Hillary: Warmonger

March is women’s history month, and Tina Brown’s Newsweek has put Hillary on the March 14th cover of Newsweek, under the banner of “150 Women Who Shake the World.”

The header on the cover is “Hillary’s War,” but on the website the cover story–written by Gayle Tzemach Lemmon–is called “The Hillary Doctrine.”

“Hillary’s War” is not what you think–it takes the common charge against Hillary as the warmonger to outmonger all the men before and after her and turns that canard on its ugly little head.

Hillary’s war is her campaign for all of us–her fight for women and girls. Because if women are left behind there can be no lasting progress. As the byline on the cover notes, Hillary is “shattering glass ceilings everywhere.”

Two other recent pieces/interviews of Hillary that are a must-read for anyone who follows Hillary, btw:

Hilarious to see Kathleen Parker’s whimpy whine that “Women make lousy men” appear as a footnote on the Newsweek cover next to Hillary’s beautiful, beaming face. It’s so revealing. While conservative hacks like Parker are still busy fighting that old battle of the sexes, Hillary and the rest of us in her fearsome army are trying to bring women and girls to the table for the benefit of us all.

So much of Hillary’s comments on Egypt in the last few months–as Barack Obama’s secretary of state–have come across as a pro-stability argument for the West at the cost of a people’s right to self-governance, especially when viewed through the limited backburner coverage we usually get of Hillary’s work from the mainstream media. But, Lemmon’s piece puts the pieces of the Hillary Clinton puzzle into perspective.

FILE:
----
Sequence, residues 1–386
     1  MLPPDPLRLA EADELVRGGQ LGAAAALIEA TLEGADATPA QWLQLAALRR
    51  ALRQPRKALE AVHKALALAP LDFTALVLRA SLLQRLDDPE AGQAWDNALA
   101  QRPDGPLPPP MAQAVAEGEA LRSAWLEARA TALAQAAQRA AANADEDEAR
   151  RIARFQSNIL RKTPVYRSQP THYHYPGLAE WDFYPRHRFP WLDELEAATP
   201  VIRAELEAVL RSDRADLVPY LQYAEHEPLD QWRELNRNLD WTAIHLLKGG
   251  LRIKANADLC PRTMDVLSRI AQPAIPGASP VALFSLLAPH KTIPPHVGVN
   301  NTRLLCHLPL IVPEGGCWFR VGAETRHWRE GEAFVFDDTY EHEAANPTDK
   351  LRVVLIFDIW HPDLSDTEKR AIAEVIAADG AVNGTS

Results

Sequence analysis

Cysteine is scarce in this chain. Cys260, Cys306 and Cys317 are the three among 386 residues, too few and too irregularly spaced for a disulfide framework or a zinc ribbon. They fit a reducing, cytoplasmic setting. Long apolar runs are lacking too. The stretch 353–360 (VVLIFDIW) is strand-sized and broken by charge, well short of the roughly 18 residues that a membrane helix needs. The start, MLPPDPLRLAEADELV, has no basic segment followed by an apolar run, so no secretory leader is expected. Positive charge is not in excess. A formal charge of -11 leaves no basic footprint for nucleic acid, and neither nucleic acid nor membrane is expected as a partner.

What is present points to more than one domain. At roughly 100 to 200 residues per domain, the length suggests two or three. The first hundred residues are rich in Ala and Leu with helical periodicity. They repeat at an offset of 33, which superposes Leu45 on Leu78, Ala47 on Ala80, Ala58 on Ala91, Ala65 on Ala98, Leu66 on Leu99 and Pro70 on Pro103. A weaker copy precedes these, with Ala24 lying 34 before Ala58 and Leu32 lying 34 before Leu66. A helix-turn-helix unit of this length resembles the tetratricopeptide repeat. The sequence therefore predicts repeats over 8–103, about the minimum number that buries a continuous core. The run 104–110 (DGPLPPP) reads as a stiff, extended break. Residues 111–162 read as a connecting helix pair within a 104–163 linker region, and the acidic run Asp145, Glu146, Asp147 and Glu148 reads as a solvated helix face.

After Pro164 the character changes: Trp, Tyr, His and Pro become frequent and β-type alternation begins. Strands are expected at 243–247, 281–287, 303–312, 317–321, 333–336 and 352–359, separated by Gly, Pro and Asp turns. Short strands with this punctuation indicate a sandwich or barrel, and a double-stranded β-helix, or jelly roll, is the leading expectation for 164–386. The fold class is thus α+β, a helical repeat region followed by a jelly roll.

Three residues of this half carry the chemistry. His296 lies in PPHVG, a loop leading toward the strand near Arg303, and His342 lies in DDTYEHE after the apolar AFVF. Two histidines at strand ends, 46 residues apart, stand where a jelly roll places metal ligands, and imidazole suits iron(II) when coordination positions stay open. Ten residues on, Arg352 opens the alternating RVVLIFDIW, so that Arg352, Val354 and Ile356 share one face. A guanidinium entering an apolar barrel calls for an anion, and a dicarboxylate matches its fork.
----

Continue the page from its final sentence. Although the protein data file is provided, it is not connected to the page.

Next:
Hillary has always been about putting women and girls front and center. And, any time women are left behind, there really isn’t true self-governance by a large segment of that populace anyway.

In Hillary’s own words:

“I believe that the rights of women and girls is the unfinished business of the 21st century,” Clinton recently told NEWSWEEK during another rare moment relaxing on a couch in the comfortable sitting room of her offices on the State Department’s seventh floor, her legs propped up in front of her. “We see women and girls across the world who are oppressed and violated and demeaned and degraded and denied so much of what they are entitled to as our fellow human beings.”